Readings

First Reading:                       1 Kings 17:10-16

Responsorial Psalm:           Psalm 146:7, 8-9, 9-10 (1b)

Second Reading:                 Hebrews 9:24-28

Alleluia:                                 Matthew 5:3

Gospel:                                  Mark 12:38-44

 

Commentary

These readings are about confronting paradox and, then, starting all over again.  The paradox in the Readings is that in the long term truth determines politics, although politics may determine truth in the short term.  By politics, I mean power.  By truth, I mean the relationship between human perception and reality.  Paradoxically, a misperception, for example that the earth is flat, is always a risk humans take in any honest commitment to truth.

As humans, we must recognize that certainty, except in some rare philosophical sense, is beyond us.  Certainty assumes perfection.  Saint Thomas tells us that only God is perfect, thus, leading to one paradox after another in our lives.

The readings begin with the paradox of Elijah, telling the widow in Zarephath to bring him some food, despite the fact that she had practically none.  With Faith, she brought the food and did not run out. 

Psalm 146 notes that the LORD sustains the fatherless and the widow … but the way of the wicked he [eventually] thwarts.  The reading from the Psalm lists one paradox after another.  The most significant paradox, perhaps, is The LORD sets captives free.  Setting captives free is important for this era in which the Faithful recognize various forms of addiction as captivity.

Hebrews is about the paradox of God becoming human in the person of Jesus.  After noting that Christ died to take away sin by his sacrifice, Hebrews concludes that Christ will appear a second time, not to take away sin but to bring salvation to those who eagerly await him.  While Christ and the Faithful appear to die, the reality is that their lives change.  Lives do not end in this world but continue into the next with God.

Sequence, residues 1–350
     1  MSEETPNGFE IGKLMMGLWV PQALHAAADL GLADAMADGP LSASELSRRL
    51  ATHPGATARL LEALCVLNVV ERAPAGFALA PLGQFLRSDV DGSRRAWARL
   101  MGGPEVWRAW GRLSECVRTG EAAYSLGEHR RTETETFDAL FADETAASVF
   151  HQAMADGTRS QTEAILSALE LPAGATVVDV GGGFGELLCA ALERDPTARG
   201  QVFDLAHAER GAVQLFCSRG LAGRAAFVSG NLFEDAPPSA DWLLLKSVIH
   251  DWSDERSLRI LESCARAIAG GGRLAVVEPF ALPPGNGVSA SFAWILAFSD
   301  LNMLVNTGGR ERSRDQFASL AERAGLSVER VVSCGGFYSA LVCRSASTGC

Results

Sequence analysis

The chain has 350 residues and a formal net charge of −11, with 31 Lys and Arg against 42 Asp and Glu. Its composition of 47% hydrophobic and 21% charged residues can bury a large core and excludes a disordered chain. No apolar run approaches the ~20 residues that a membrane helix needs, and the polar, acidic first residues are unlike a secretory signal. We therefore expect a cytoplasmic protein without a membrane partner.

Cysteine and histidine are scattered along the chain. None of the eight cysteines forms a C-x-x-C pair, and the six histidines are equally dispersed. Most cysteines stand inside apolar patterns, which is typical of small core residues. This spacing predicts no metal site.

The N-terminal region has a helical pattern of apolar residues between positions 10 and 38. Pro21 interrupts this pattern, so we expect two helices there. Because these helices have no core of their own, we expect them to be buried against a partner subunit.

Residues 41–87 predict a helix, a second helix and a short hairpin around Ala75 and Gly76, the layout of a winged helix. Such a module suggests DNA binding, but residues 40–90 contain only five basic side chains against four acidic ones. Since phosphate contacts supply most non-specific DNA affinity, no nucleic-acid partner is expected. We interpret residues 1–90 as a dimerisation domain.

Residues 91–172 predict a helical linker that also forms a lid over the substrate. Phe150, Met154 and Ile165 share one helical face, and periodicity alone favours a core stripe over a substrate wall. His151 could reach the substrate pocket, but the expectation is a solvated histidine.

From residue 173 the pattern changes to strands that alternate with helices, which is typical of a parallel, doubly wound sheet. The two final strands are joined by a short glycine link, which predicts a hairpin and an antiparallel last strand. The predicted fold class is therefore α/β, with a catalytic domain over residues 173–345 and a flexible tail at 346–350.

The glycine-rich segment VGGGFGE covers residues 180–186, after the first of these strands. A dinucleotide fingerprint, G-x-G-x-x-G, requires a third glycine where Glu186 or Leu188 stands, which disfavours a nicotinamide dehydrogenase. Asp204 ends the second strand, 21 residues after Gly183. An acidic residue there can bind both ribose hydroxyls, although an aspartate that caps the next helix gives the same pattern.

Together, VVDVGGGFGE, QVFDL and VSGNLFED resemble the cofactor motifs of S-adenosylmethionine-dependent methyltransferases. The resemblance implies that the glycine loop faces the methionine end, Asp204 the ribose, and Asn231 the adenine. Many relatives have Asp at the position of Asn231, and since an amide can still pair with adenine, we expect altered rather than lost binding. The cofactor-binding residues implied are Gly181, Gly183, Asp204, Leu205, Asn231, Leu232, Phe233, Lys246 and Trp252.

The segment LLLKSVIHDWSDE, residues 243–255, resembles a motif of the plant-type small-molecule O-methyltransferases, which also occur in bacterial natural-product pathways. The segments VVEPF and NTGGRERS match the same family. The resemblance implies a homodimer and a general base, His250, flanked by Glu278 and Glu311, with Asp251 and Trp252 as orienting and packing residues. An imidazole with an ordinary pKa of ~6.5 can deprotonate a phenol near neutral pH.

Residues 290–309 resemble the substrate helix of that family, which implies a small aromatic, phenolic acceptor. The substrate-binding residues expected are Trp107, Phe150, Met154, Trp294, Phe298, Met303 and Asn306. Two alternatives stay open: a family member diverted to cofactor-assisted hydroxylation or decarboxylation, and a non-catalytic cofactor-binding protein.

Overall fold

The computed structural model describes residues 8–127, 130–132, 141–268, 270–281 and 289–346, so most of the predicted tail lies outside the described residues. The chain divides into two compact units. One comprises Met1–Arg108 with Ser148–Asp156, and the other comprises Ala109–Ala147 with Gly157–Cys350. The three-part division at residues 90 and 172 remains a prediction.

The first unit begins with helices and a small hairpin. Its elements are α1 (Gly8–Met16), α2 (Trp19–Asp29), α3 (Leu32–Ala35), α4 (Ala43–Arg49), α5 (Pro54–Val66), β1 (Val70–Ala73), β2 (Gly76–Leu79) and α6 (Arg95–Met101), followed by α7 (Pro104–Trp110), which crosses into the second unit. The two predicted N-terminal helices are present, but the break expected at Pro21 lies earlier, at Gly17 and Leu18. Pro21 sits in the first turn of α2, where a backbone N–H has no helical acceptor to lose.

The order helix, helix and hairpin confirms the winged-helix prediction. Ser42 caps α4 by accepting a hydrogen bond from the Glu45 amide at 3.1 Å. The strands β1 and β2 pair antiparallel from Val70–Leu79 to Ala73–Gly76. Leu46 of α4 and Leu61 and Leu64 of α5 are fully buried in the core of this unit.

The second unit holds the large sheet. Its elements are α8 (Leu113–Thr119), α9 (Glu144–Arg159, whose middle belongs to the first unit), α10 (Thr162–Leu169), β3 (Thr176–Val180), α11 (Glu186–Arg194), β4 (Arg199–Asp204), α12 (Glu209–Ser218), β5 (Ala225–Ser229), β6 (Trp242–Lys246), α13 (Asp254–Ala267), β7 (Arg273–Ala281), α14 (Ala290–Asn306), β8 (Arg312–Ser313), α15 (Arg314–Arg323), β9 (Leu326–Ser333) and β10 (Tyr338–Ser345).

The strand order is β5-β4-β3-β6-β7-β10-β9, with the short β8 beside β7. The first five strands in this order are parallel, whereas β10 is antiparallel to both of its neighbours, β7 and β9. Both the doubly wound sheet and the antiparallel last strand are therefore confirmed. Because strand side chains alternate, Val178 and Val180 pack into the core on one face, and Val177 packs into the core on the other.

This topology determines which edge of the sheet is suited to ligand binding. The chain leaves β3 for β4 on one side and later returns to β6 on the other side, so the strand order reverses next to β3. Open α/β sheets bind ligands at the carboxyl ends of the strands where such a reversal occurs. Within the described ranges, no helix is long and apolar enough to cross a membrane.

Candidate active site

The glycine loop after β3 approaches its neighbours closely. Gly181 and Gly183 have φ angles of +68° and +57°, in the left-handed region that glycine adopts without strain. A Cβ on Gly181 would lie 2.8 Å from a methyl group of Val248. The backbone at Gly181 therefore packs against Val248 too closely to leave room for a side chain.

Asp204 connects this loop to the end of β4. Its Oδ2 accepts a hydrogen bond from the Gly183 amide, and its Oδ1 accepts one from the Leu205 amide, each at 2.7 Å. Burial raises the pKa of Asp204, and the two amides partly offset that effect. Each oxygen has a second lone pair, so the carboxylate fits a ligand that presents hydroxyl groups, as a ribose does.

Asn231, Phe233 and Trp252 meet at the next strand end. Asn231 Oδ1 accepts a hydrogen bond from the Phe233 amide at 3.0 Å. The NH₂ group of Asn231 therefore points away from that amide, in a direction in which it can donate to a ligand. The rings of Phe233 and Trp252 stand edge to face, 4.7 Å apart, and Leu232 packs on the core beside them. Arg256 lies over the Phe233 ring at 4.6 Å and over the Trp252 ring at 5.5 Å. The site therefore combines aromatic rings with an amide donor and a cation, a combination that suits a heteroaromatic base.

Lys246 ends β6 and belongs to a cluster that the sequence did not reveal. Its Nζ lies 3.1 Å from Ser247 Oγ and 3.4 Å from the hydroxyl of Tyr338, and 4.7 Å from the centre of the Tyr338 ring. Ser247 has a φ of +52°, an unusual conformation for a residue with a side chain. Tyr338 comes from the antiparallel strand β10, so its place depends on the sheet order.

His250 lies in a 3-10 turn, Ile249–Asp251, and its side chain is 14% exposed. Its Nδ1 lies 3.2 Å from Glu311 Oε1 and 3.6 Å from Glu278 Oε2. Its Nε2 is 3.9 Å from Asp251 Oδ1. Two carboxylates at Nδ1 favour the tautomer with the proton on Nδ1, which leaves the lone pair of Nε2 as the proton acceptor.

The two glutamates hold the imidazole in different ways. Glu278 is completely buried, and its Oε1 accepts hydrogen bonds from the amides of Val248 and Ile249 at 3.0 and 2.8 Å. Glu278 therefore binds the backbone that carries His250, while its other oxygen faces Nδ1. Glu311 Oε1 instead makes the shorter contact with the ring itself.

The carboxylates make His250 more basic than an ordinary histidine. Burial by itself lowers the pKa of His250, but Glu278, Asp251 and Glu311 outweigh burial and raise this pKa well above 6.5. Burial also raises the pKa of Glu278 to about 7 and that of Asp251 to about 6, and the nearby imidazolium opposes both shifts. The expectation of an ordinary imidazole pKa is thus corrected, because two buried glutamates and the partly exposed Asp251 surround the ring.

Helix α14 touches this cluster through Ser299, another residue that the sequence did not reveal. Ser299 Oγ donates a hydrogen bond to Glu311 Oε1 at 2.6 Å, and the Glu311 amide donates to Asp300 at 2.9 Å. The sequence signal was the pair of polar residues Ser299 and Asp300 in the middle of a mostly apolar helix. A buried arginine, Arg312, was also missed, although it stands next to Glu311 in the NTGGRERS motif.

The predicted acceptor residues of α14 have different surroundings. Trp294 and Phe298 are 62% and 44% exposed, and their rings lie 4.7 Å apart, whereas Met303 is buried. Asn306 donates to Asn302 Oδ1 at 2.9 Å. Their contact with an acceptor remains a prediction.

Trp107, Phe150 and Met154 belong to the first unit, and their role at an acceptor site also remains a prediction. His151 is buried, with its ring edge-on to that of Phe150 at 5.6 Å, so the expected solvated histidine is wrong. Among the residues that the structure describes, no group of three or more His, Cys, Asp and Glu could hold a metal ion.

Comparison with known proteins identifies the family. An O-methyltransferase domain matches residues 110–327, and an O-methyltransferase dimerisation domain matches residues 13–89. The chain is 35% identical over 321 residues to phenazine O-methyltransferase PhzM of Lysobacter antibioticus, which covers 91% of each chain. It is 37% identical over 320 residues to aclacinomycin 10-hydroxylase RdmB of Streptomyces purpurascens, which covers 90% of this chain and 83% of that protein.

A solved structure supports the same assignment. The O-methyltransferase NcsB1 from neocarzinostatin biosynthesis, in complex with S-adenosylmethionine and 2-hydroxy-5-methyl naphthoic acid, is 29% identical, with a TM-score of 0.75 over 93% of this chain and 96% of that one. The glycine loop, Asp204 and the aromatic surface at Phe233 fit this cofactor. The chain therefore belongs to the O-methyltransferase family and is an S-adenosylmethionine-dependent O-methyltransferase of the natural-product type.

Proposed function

Finally, Mark tells the story of what the Faithful used to know as  the widow’s mite, now translated as two small coins.  The paradox is that while the widow gave less than those who were rich, in the eyes of God, she gave more, because it was all she had. 

Mark A. Yarhouse and James Sellers explain, “The purpose and effect of theological paradox is the humble, submissive and faith driven [sic] response to God.  Paradox in strategic therapy is different.  In therapy it is used as a tool to coerce and manipulate”[1]  These Notes are about a Faith-driven response to God.

Yarhouse and Sellers go on, “Paradox in both [Christianity and psychological therapy] undermines our inflated and potentially arrogant assumptions about self and our perceived power and control over circumstances.”[2]  These Notes are about undermining inflated and arrogant assumptions.

Family therapists can present the paradoxes of dysfunctional families in an effort to manipulate relationships.  This type of therapy is dangerous because family members may not respond in the way the therapist intends.  Paradoxes, nevertheless, can cause us to rethink the power arrangements we take for granted.  Such reevaluation is fundamental to restructuring society.  The current political debates about health care illustrate the paradox of desiring but not delivering what is intended..

Reflecting on the life of Senator Edward M. (Ted) Kennedy, helps to bring a larger point home.  Ted Kennedy had limited talent, but he worked hard as a steward of what he had.  Being good stewards is part of the Christian vocation.

In the United States, the Faithful place great trust in education as an aspect of stewardship.  Part of  education is to present paradoxes in the relationship between truth and politics.  Only after the Faithful recognize and examine paradoxes can change begin.  Senator Kennedy was about bringing such changes.